Dostal's Designs: Limit Current with Integrated MOSFET

May 2, 2023
Excessive current flow must be prevented so that the electrical circuit can be reliably protected.

This video/article is part of Dostal's Designs series in Ideas for Design and the TechXchangePower Supply Design. You can also post a question

Members can download this article in PDF format.

What you'll learn:

  • Using a current limiter in boost converters for circuit protection.
  • An easy-to-implement design idea to achieve the desired current limiting.

Currents often have to be limited in electronic circuits. For example, in a USB port, excessive current flow must be prevented so that the electrical circuit can be reliably protected. Likewise, in a power bank, it’s critical that battery discharge be prevented. Discharging with too high of a current can lead to an impermissibly high voltage drop in the battery and an insufficient supply voltage to the downstream device.

Thus, it is often necessary to limit a current flow to a specific value. Most power converters have overcurrent limiters to protect themselves from damage due to excess currents. In some dc-dc converters, the threshold can even be adjusted.

In Figure 1, a dc-dc boost converter with a built-in, possibly even adjustable, current limiter could also be used. In this case, the additional current-limiter block may be omitted. However, there are also many applications that don’t use a dc-dc converter in the power path.

One such example is when a voltage of 24 V is available in a system and the current flow in this line should be limited, but the load must be operated at exactly 24 V. In this case, an additional current-limiter block, as shown in Figure 1 in blue, can be used. A current-limiter circuit comes from the family of protection modules that includes hot-swap controllers, surge protectors, electronic-circuit protectors, and ideal diodes.

Most of these ICs on the market use external MOSFETs as switches to switch the current flow on and off, but also to limit the current, in which case the switch works like a linear regulator. However, such a switch must ensure that the MOSFET is always operated within its safe operating area (SOA). If this isn’t the case, the semiconductor and thus the circuit will be damaged.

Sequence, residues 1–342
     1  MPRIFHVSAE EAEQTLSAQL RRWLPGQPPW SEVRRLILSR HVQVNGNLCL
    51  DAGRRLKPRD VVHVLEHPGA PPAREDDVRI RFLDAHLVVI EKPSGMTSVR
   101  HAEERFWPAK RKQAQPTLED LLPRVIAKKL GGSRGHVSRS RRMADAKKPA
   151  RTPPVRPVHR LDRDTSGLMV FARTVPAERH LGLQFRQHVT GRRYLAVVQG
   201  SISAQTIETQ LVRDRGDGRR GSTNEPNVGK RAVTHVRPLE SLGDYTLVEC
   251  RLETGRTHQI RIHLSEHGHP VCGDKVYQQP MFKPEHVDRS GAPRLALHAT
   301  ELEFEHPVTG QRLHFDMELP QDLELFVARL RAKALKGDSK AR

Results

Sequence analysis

Unfortunately, it’s not always easy to select a suitable MOSFET and operate it in just such a way that it never leaves the SOA. The operating temperature, voltage, current, and especially the time are all factors that influence this setup. They all have to be right to ensure safe operation. Figure 2 shows an SOA diagram for a typical N-channel MOSFET. Operation of the MOSFET below the lines shown is permitted.

Figure 3 shows a dedicated current-limiter IC, the MAX17523 from Analog Devices. It has two MOSFETs that can limit current to a value between 150 mA and 1 A. If the current flow reaches the limit, its either cut off and resumed after a certain waiting period. Otherwise, the current flow is interrupted continuously until the next switch-on, or the current is limited through a reduction in voltage. The internal MOSFET is then operated in the ohmic region, which is a type of linear regulator function.

In each of these adjustable limitation modes, the internal MOSFET is always in its SOA and isn’t damaged. And no elaborate calculations or evaluations are required.

Limiting currents in a circuit isn’t a problem if suitable highly integrated ICs are used. It also makes sense to combine this type of circuit with a dc-dc converter if the converter doesn’t have an adjustable current limiter.

View/read more video/articles in the Dostal's Designs series in Ideas for Design and the TechXchangePower Supply Design. You can also post a question

About the Author

Frederik Dostal | Power-Management Technical Expert

Frederik Dostal is a power-management expert with more than 20 years of experience in this industry. After his studies of microelectronics at the University of Erlangen, Germany, he joined National Semiconductor in 2001, where he worked as a field applications engineer, gaining a lot of experience in implementing power-management solutions in customer projects. During his time at National, he also spent four years in Phoenix, Arizona (USA), working on switch-mode power supplies as an applications engineer.

In 2009, he joined Analog Devices, where since then he held a variety of positions working for the product line and European technical support, and currently brings in his broad design and application knowledge as a power-management expert. Frederik works in the ADI office in Munich, Germany.

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